Giving an action a context is, in my opinion, the single most useful piece of metadata one can add to their task list. As most of you know, it allows you to see what you can actually do depending on location, and in recent times, what device you are using. Others may beg to differ, but it works for me.

I've seen a lot of posts where people discuss creative and unorthodox ways of using contexts. I've seen some where people categorize by energy level since their location typically stays the same. I've also seem some who augment their contexts by adding symbols in order to give the illusion of a secondary context to display priority (ie Home, Home+, Home++, Home+++, etc.).

I've played around with a lot of these zany ideas. In the end, I went back to the boring and traditional route — location and device based contexts.

In my world, and I'm willing to bet a lot of others' world also, there are 4 types of tasks:

  1. Tasks that can be done at work
  2. Tasks that can be done at home
  3. Tasks that can be done at a specific location
  4. Tasks that can be done anywhere

In terms of assigning contexts, the first 3 are pretty self explanatory — Work, Home, and the name of the specific place1. However, looking at number 4, the tasks that can be done anywhere, thinking about it, what are the nature of those tasks?

They're usually one of three types of tasks.

  • Tasks that can be done on one of the many Apple devices that I own since I always have at least one no matter where I am
  • Tasks that can be done anywhere I have internet access (ie the Windows environment at work), and

  • Tasks that involve brainstorming which, honestly, can be done on digital device, a notebook, or even a napkin.

So how do I sort these out?

The Ubiquitous "Apple" Context

Aside from Work, Home, and specific locations, I have a context named Apple. The Apple context, in the grand scheme of things, is something that can be done on any Apple device — Mac or iOS. Within there I split to a nested iOS and Mac context which contains tasks that are iOS specific or Mac specific. Then those two nested contexts nest device specific contexts. In other words:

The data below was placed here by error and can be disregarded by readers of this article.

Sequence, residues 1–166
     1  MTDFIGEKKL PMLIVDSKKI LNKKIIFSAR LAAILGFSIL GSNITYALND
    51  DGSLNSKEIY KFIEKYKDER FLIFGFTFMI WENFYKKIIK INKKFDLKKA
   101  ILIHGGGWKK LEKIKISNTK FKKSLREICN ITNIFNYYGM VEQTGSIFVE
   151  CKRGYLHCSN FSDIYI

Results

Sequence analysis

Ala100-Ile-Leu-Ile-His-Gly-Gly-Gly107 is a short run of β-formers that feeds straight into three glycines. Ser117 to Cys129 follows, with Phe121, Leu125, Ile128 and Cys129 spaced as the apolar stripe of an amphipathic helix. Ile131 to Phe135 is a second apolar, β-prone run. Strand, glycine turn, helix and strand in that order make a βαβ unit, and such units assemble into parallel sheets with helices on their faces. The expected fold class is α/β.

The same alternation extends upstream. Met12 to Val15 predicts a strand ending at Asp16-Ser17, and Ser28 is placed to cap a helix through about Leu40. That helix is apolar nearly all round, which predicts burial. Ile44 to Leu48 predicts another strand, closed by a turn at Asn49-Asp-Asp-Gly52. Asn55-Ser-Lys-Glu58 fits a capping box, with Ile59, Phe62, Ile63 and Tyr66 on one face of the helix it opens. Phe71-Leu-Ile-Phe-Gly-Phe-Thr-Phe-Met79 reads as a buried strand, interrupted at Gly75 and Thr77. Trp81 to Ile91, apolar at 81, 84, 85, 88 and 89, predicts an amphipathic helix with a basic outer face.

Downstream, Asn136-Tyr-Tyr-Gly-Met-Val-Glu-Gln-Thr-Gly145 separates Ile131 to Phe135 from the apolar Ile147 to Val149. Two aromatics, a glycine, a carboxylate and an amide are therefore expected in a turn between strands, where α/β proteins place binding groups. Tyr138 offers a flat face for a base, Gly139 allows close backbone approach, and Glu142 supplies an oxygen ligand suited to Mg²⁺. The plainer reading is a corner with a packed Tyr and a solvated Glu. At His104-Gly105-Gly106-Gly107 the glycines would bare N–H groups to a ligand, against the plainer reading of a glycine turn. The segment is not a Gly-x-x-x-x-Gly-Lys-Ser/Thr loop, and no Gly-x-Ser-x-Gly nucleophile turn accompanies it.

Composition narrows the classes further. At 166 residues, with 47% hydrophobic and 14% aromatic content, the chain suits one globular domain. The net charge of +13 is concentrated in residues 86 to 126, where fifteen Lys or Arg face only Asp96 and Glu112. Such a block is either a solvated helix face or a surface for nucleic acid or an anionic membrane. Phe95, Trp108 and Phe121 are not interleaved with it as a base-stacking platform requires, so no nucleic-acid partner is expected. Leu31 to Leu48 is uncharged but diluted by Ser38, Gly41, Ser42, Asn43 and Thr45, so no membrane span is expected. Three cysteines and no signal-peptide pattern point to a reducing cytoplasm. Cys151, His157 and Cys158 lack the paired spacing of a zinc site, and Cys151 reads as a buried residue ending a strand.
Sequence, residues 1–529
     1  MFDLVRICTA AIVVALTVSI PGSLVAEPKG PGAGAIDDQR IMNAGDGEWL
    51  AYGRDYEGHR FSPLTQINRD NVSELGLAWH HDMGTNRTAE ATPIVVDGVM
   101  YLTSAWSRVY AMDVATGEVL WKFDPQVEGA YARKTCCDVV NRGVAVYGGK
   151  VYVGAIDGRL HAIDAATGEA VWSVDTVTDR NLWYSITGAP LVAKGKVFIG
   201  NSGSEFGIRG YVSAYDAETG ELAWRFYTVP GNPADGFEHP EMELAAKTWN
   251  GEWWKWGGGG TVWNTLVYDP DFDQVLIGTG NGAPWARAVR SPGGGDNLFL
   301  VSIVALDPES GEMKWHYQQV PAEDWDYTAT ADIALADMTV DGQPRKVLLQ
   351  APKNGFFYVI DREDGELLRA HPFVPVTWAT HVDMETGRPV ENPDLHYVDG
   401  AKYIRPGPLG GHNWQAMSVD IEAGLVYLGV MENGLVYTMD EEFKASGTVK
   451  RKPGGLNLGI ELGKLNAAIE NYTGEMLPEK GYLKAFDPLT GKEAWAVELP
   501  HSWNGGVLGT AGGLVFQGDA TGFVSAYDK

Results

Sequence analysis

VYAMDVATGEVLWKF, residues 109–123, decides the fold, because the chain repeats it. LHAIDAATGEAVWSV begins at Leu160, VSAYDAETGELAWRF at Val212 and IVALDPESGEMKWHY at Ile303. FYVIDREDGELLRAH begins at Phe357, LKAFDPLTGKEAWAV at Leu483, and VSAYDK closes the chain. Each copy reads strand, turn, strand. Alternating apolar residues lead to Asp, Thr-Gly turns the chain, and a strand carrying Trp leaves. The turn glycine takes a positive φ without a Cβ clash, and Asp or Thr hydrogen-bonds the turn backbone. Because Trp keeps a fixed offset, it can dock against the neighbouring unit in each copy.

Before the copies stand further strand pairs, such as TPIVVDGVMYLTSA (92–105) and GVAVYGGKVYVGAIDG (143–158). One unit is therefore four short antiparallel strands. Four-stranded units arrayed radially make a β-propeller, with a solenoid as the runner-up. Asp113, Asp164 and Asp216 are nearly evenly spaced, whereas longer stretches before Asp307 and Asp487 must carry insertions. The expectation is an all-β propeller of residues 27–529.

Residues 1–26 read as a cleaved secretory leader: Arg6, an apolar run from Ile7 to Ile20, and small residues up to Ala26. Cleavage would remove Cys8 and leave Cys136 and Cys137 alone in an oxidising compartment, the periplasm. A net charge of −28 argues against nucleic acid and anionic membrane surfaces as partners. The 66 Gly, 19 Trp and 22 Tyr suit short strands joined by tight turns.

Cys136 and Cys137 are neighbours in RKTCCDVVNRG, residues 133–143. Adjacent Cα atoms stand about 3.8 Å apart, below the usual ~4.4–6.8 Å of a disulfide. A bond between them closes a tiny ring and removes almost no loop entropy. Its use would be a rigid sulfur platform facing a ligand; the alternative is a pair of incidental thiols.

• Apple
    • iOS
      • iPhone
      • iPad
    • Mac
      • MacBook Air
      • Mac Pro

The "Online" Context

The online context is one step shy of being an omnipresent context. Internet access is platform independent and almost ubiquitous. For tasks that are under this context, I can either do it on my iPhone, my iPad, a Mac, or even my Windows machine at work — all I need is internet access. An example of an action that would belong to this context is "Check movie time for X". The device and platform doesn't matter, I just need internet access and a web browser.

The Omnipresent OmniFocus context

The grand daddy of them all. The omnipresent context. Basically this context addresses things that can be done absolutely anywhere. Brainstorming. Planning. Outlining. I can do these tasks anywhere — analog or digital. It's also location independent as well.

I can brainstorm in my car, plan in the park, outline in the bathroom. It doesn't matter.

So what does one name this almighty context? Wait for it...

"Notebook".

Disappointing, yes. But that's what I had initially as the context dedicated to planning, outlining, and brainstorming things in my notebook. I then realized that the notebook wasn't a requirement.

So while the jurisdiction of the "Notebook" context has changed, the name has not. I thought about changing it to "Omnipresent", or "Anywhere", but I just happen to like "Notebook".

In Closing

The way my life is structured, I don't find much need for crazy context schemes. Of course, your mileage may vary depending on your work/life situations. But just remember what the goal of contexts are — a piece of metadata that shows you what you can actually do at any given moment depending on physical location and digital environment.


  1. Well the specific areas are categorized in the nested location-aware context technique Merlin Mann spoke about in MPU #91